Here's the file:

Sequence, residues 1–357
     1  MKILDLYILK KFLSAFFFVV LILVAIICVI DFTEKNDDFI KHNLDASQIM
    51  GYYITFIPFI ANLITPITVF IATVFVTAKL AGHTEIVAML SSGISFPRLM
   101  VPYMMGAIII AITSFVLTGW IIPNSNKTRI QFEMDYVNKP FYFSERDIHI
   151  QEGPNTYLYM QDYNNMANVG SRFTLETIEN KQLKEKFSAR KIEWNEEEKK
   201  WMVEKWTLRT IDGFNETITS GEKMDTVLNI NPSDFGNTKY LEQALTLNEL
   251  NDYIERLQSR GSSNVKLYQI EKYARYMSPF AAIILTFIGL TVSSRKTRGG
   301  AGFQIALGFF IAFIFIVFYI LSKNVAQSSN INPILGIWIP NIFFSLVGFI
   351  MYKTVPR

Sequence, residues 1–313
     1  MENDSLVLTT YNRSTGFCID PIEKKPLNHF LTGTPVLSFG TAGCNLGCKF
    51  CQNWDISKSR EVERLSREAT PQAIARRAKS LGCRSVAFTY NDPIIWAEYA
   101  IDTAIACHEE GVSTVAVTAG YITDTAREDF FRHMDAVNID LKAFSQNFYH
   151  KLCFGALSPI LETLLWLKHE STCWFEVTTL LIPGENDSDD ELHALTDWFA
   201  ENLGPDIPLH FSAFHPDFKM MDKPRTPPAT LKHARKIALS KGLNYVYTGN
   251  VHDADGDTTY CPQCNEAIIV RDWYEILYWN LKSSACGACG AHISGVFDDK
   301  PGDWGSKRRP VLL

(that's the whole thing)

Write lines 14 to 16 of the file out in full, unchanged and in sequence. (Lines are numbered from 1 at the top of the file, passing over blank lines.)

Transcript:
   151  KLCFGALSPI LETLLWLKHE STCWFEVTTL LIPGENDSDD ELHALTDWFA
   201  ENLGPDIPLH FSAFHPDFKM MDKPRTPPAT LKHARKIALS KGLNYVYTGN
   251  VHDADGDTTY CPQCNEAIIV RDWYEILYWN LKSSACGACG AHISGVFDDK